Experimentation is inherently iterative rounds of development to produce successful software or an automated infrastructure solution, but each round always produces learning that shapes the team’s approach to a problem going forward. Providing teams opportunities to cumulatively build essential technical knowledge and hone analytical, problem-solving, and creative thinking skills—so critical to solution design and development—is a key ingredient to the “secret sauce” of highly effective teams.  

Agile intends to develop autonomous, self-directed teams, based on good communication, ideation, knowledge exchange, and feedback loops, so that the inherent abilities and collective learning of the team contribute to increasing mastery over time and emergent creativity for optimizing technology. An Agile mindset requires time and practice to incubate and yield different results.

There are two things to consider when determining the investment required for your Agile implementation: 


      1. Is your organization prepared to take on and integrate Agile?
        Leadership needs to take an honest assessment of the organizational structure and resident capability or gaps available to support the introduction of Agile. Many organizations are structured along functional or domain disciplines, aligned to support reporting channels rather than cross-functional collaboration and effective communication channels. 

    Additionally, system engineers are not typically trained in process reengineering, and face the double challenge of adapting current processes and practices to Agile without sufficient subject matter expertise in Agile to make or lead the transition. Quite a herculean task given they are still accountable for production. 

    Shifting to Agile is a transformation that entails breaking silos, changing performance standards, and introducing new processes. Understanding the maturity of your current Agile practice is essential to defining the gaps and determining how best to implement the desired change. Training is important but may be insufficient if the organizational structure and operations allow anti-patterns to dominate and interfere with adoption.


        1. Is your culture ready for Agile?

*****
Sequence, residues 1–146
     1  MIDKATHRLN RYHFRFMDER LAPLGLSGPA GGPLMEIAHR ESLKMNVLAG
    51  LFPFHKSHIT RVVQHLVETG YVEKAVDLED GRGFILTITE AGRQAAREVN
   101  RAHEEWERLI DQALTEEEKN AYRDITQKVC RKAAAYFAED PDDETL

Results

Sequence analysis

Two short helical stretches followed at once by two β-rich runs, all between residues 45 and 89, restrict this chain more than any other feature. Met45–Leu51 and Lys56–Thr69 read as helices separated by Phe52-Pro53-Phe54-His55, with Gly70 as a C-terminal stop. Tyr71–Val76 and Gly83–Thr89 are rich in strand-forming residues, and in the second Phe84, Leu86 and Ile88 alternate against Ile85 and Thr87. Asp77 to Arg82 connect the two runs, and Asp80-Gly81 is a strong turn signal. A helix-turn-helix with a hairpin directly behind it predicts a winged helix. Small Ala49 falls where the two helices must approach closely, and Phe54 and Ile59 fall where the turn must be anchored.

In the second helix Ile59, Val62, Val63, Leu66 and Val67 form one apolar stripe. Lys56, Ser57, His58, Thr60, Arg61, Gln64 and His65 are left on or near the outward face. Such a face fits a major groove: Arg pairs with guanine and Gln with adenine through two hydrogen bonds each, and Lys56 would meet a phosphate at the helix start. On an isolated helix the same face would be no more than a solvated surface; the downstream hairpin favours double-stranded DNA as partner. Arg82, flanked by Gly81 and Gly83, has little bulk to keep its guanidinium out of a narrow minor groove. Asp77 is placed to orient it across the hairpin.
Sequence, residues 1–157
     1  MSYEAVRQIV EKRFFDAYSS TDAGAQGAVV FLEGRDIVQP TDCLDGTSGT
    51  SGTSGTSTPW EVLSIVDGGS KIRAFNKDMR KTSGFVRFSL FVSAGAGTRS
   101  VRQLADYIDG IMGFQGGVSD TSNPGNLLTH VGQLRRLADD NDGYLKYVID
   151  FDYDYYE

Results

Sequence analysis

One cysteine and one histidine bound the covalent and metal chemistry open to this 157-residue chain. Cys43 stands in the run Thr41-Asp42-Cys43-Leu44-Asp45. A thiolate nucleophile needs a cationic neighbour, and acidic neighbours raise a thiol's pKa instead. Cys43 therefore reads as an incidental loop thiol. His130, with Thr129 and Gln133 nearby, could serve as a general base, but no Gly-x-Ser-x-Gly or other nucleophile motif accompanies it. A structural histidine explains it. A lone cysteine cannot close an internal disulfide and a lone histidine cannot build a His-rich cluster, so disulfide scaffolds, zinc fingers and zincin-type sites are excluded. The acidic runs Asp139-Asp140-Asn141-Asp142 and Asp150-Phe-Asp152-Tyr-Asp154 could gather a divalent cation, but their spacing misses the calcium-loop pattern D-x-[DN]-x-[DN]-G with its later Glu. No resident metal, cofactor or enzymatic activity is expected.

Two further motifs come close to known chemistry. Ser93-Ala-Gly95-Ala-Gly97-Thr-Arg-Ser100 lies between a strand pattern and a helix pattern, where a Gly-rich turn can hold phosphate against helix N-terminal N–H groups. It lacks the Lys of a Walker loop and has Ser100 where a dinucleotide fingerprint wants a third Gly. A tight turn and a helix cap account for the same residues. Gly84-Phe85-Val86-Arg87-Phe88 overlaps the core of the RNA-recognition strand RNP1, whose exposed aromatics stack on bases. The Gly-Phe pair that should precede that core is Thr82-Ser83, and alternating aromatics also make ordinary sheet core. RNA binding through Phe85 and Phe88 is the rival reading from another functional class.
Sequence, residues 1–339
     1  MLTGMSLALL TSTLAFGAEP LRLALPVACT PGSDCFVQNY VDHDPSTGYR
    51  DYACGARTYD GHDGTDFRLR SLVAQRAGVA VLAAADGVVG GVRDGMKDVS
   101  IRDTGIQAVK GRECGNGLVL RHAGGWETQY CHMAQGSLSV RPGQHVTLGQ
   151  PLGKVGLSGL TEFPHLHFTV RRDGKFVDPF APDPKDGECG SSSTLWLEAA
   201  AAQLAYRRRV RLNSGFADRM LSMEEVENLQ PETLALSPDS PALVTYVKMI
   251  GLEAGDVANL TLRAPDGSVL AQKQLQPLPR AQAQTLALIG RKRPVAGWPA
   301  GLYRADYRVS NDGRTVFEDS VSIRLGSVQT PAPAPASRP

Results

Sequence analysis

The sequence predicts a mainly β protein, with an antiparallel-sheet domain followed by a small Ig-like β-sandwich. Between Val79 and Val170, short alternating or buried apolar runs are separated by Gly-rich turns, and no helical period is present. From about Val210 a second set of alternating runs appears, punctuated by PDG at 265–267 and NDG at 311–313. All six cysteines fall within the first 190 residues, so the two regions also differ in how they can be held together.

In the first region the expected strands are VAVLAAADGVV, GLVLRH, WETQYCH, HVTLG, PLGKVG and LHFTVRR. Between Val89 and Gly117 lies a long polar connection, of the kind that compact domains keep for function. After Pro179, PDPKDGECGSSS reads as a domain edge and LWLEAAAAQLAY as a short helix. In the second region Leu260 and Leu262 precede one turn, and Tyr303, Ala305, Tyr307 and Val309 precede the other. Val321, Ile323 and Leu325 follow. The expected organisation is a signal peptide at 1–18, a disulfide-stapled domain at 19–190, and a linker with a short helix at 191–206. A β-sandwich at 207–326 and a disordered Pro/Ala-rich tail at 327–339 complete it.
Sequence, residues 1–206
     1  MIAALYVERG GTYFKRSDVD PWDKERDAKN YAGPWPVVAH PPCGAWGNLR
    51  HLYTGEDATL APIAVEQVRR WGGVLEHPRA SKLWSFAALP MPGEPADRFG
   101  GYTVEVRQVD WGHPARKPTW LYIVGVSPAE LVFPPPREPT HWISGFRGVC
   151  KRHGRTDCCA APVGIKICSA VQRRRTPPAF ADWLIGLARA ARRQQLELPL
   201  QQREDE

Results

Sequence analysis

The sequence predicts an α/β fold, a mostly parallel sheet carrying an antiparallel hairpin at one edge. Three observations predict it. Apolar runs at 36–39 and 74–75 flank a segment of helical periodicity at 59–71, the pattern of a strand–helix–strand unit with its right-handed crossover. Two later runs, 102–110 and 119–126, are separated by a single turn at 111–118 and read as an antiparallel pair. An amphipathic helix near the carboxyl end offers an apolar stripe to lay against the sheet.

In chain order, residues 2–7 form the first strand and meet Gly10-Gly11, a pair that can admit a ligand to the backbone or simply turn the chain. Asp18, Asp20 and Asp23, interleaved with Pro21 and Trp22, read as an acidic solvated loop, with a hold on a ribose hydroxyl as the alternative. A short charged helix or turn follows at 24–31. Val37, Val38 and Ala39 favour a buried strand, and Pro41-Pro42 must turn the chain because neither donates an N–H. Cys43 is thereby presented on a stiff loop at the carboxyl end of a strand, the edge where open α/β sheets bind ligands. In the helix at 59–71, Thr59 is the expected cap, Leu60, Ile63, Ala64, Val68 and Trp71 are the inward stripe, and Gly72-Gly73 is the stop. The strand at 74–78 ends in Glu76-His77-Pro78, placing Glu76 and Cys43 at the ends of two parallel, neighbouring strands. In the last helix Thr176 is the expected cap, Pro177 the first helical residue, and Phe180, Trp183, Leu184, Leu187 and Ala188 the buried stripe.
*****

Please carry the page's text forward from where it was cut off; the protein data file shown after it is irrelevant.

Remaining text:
“Culture eats strategy for lunch.” 

      Peter Drucker

      Culture is one of the most overlooked aspects of any Agile implementation, and yet is a strong determinant of how easy or challenging the transition will be. Agile inherently requires shifts in team interactions, processes, and behavior; if a culture is traditionally hierarchical, a matrixed cross-functional teaming model that depends upon information-sharing and fluid lines of communication will deviate significantly from the existing operating model. By contrast, an entity that is flatter and values individual contribution and ideas will probably be more likely to adapt and integrate Agile practices, at least within a shorter time frame.  

      In preparation for such a transition, leadership needs to take stock of the culture that staff actually to experience daily, not the values espoused on marketing materials or in strategic plans. All too often, the espoused values are different than those practiced and rewarded. For example, “top-down” decision-making may mean management drives software project outputs and timelines irrespective of accumulating technical debt. The message for staff? Business objectives trump organizational values; courage to challenge growth targets in service of well-built functionality and long-term customer interests is not rewarded.  The implicit message is a power imbalance, with Sales targets valued more than engineering expertise and standards. By contrast, Agile-based values place a premium on customer interactions and collaboration; if the organization puts these values into practice, are technical teams involved as equal partners in the cost-benefit analysis of possible technical approaches for meeting business needs? 

      Values of customer-centricity, courage, and performance excellence are most evident to staff when operationalized through daily practices, especially when it comes to communication and collaboration.  Daily practices determine how comfortable teams feel about surfacing problems – should they expect retribution or appreciation for avoiding potentially costly technical debt? What behaviors are rewarded, and which are reinforced implicitly says a lot about a culture. These types of issues surface the actual values that are enforced explicitly and implicitly and determine the extent to which an organization is predisposed to Agile or only beginning the culture shift required for full adoption. 

      Organizational patterns of communication, learning, and rewards are all good predictors of the degree to which the culture supports employees’ transition to Agile. Does the culture already support employees in understanding the purpose of their work, mastering key skill sets, and working independently and creatively on resolving core business and technical problems to advance strategic objectives? Culture is a critical pillar or inhibitor of the very attributes deemed foundational to Agile; the sooner leadership understands where their organizational culture falls on the spectrum of readiness for Agile, the better it can avoid the common pitfalls of Agile implementation and invest in the right activities to support the transition.